Lloyd James Waner (Little Poison)
- Bats Left, Throws Right
- Height 5' 9", Weight 150 lb.
- School East Central State Teachers College
- Debut April 12, 1927
- Final Game September 16, 1945
- Born March 16, 1906 in Harrah, OK USA
- Died July 22, 1982 in Oklahoma City, OK USA
"He is a better player than me and can spot me 25 feet and then beat me in a sprint. A batter's got to knock a fly over the fence to keep him from reaching it, and he doesn't miss 'em either." — Paul Waner
Outfielder Lloyd Waner got 2,459 hits in eighteen seasons in the majors and, along with his brother Paul Waner, is a member of the Hall of Fame. They hold the record for the most hits by a set of brothers in Major League Baseball at 5,611 hits. Paul had 3,152 hits in his Hall of Fame career. Only the Alou (5,094) and the DiMaggio (4,853) brothers were within striking distance of that record; in both of those cases there was 3 brothers who played in the Major Leagues.
Waner began his pro career as a teammate of his brother's on the San Francisco Seals in 1925, hitting .250 in 31 games. After 6 games with the Seals the next year, he asked for his release and was subsequently signed by the Pittsburgh Pirates. He reached the majors with the Pirates in 1927, joining his brother in the club's outfield, and hit .355 (it was the only time in his major league career that he would be in the top five in the league in batting average). He led the National League with 133 runs scored and was sixth in MVP voting (as Paul won the award). In that year's World Series, he hit .400 against the immortal 1927 New York Yankees.
In 1928, Waner hit .335 and finished fifth in MVP voting. He paced the NL with 20 triples in 1929 and led the circuit with 214 hits two years later. During his career, he also was the league leader in singles four times (although that is not a traditional hitting category).
During his career, Waner was known for his good eye at the plate. He led the league five times in most at-bats per strikeout, and only twice in the majors did he strike out more than 15 times in a season. In 1933, he fanned just 8 times in 500 at bats, and in 1941 he set a still-standing major league record by recording 219 at bats without a single strikeout. He was also considered an excellent defensive centerfielder. He holds the record for the fastest 2,000 hits in National League history; he reached the mark in 1,453 games. His brother Paul ranks third in that category, reaching the mark in 1,468 games.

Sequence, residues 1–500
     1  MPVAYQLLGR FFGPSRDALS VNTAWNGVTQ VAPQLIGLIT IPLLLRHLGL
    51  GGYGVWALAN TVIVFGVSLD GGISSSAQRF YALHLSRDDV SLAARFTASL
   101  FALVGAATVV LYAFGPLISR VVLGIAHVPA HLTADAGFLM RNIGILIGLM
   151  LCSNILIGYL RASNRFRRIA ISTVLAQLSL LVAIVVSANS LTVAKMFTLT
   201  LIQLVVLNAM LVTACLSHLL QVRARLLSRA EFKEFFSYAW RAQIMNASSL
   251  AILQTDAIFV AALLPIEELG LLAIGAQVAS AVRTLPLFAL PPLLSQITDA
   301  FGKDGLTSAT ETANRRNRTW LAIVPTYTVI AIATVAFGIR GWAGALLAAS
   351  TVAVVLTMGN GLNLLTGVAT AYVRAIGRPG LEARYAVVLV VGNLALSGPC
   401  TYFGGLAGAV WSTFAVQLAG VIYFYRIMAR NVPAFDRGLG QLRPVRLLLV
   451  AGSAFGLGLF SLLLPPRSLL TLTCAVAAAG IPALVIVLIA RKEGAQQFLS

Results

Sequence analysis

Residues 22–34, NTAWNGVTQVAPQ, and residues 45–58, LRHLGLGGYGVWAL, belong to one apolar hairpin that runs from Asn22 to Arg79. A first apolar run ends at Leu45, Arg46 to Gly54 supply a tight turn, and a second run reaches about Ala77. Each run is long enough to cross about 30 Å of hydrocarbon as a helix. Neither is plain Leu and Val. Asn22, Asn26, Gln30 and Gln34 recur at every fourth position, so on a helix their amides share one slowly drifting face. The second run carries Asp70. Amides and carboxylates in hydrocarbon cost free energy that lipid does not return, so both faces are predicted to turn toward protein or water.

When Paul and Lloyd homered back-to-back for Pittsburgh on September 15, 1938 game, it marked the last time two brothers went deep in the same outing for the Bucs until 2009, when Adam LaRoche and Andy LaRoche accomplished the feat. It was also the only time in major league history that brothers had homered back-to-back, until B.J. and Justin Upton did so for the Atlanta Braves on April 23, 2013.
After retiring, Waner scouted for the Pirates through 1949. In August of 1949, when Bruno Haas was suspended by the Northern League for the remainder of the season, Waner filled in as manager of the Fargo-Moorhead Twins, a Pirate farm club.
Waner was elected to the Hall of Fame by the Veterans Committee in 1967. His highest vote count in BBWAA voting had been in 1962, when he got 23% of the vote, less than Mel Harder, Johnny Vander Meer, or Marty Marion, but more than Phil Rizzuto, George Kell, or several other players who eventually got into the Hall. His election has not been a popular one among sabermetricians, since he has few of the typical indicia of a typical Hall of Famer except for his .316 batting average which was, however, earned in a lively ball era. His selection probably rests on the fact that he and his brother Paul, whose election has not been controversial, were linked in the minds of many fans. They played in the same outfield for 14 years, and had the nicknames "Big Poison" (for Paul) and "Little Poison" (for Lloyd).
Interestingly, the most similar player based on the similarity scores method is Richie Ashburn, another Hall of Famer and another player who could hit some but was more famous for his fielding. Ashburn is, however, the only Hall of Famer on the list of most similar players.
- NL All-Star (1938)
- 3-time NL At Bats Leader (1928, 1929 & 1931)
- NL Runs Scored Leader (1927)
- NL Hits Leader (1931)
- 4-time NL Singles Leader (1927-1929 & 1931)
- NL Triples Leader (1929)
- 100 Runs Scored Seasons: 3 (1927-1929)
- 200 Hits Seasons: 4 (1927-1929 & 1931)
- Baseball Hall of Fame: Class of 1967
- Runs Scored, rookie, season (since 1900), 133, 1927
- Singles, rookie, season, 198, 1927
- Clifton Blue Parker: Big and Little Poison: Paul and Lloyd Waner, Baseball Brothers, McFarland, Jefferson, NC, 2003.